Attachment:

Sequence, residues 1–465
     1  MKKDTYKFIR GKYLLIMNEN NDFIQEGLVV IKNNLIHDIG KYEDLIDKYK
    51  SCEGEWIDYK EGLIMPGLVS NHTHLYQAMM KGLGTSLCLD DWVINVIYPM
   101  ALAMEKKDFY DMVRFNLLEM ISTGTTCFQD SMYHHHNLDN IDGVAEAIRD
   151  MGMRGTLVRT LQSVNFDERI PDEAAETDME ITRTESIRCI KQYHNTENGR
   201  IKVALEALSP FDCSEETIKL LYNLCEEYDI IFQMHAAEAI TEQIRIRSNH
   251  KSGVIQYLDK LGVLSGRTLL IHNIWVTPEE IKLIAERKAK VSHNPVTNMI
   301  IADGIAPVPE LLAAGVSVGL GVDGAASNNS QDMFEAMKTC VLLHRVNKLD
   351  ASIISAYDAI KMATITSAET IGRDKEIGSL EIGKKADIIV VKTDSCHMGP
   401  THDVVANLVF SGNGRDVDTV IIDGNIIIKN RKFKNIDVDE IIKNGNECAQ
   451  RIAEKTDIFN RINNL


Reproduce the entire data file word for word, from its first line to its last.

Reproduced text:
Sequence, residues 1–465
     1  MKKDTYKFIR GKYLLIMNEN NDFIQEGLVV IKNNLIHDIG KYEDLIDKYK
    51  SCEGEWIDYK EGLIMPGLVS NHTHLYQAMM KGLGTSLCLD DWVINVIYPM
   101  ALAMEKKDFY DMVRFNLLEM ISTGTTCFQD SMYHHHNLDN IDGVAEAIRD
   151  MGMRGTLVRT LQSVNFDERI PDEAAETDME ITRTESIRCI KQYHNTENGR
   201  IKVALEALSP FDCSEETIKL LYNLCEEYDI IFQMHAAEAI TEQIRIRSNH
   251  KSGVIQYLDK LGVLSGRTLL IHNIWVTPEE IKLIAERKAK VSHNPVTNMI
   301  IADGIAPVPE LLAAGVSVGL GVDGAASNNS QDMFEAMKTC VLLHRVNKLD
   351  ASIISAYDAI KMATITSAET IGRDKEIGSL EIGKKADIIV VKTDSCHMGP
   401  THDVVANLVF SGNGRDVDTV IIDGNIIIKN RKFKNIDVDE IIKNGNECAQ
   451  RIAEKTDIFN RINNL